10. Time Thy Campaign to Project4Awesome. This Fall program spawned by the Vlogbrothers is the annual cause-awareness initiative on YouTube and even the least-viewed videos are usually seen more than the best-produced cause videos.
Meet Grant Crowell, a writer for ReelSEO and one of the more social guys of the medium. He’s far better at interacting with his audience than I am, and he’s got some interesting perspectives on redefining “social video.” Check out his article from a few weeks ago (which I meant to share earlier).
Here’s Grant’s definition of “social video” (which isn’t the same as viral): Social video is the blending of video with human relationships for the co-creation of value.
I like it because it’s about “Value” not viral (most viral videos offer some value, but not all value videos go viral… and that’s okay). Here’s my two cents… consider four relationships:
1) The video creator with his/her current audience.
2) The video creator’s relationship with other creators/aggregators.
3) The OTHER creator/aggregator (like a blog owner or popular YouTuber) relationship with his/her audience.
4) The potential NEW relationship between creator (1) and the audience of creator/aggregator #2.
The first relationship requires interacting with the audience, and nourishing it. They may well share your video for you.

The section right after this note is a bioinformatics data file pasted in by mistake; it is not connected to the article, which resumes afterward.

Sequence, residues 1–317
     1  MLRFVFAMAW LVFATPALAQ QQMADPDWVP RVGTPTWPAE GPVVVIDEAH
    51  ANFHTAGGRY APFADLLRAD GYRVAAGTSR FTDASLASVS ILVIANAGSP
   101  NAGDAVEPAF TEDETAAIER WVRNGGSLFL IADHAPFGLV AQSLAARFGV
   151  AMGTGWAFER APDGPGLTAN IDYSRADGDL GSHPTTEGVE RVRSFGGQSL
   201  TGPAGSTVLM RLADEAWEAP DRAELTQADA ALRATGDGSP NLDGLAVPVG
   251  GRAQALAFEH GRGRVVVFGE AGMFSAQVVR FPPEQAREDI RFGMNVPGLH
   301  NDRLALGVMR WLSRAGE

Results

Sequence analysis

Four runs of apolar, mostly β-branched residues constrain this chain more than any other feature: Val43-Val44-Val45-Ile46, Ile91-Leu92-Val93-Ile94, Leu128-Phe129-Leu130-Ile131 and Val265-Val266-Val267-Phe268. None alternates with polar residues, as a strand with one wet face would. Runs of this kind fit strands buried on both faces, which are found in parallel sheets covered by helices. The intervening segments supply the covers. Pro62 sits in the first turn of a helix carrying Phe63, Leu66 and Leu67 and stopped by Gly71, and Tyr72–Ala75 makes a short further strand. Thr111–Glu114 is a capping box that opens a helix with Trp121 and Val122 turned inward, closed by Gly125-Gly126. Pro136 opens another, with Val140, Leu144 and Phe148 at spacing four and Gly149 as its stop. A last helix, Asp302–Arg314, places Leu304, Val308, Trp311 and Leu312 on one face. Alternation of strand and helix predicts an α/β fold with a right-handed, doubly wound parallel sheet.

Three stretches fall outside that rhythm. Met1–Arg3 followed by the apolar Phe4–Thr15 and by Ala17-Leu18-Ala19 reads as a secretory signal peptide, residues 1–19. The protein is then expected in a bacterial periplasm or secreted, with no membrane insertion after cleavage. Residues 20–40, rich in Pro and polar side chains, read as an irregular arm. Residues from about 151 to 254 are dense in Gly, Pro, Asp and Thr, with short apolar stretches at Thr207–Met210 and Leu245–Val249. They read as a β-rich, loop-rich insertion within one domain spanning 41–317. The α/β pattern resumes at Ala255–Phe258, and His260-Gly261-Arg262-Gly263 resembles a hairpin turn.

The second relationship is probably a more direct/frequent one. Sometimes they’ll share your stuff because they find it, but nurturing a relationship with them can help. For instance, I shared Grant’s presentation here because Grant keeps in touch… and gives me little crap when I’m not responsive (and still doesn’t give up on me).
Finally, the original creator should ensure his/her video invites the NEW audience to join. That’s often missing in viral videos, where incremental views do little to provide the viral creator with a new sustainable audience.
So consider how you, creator, relate not just to your existing audience, but other influencers who have audiences (one-to-one). Do you spam them, or send them select content that may interest their audience. Do you beg for a “shout out” or do you offer them content & ideas that they’ll want to share? Do you stay in touch?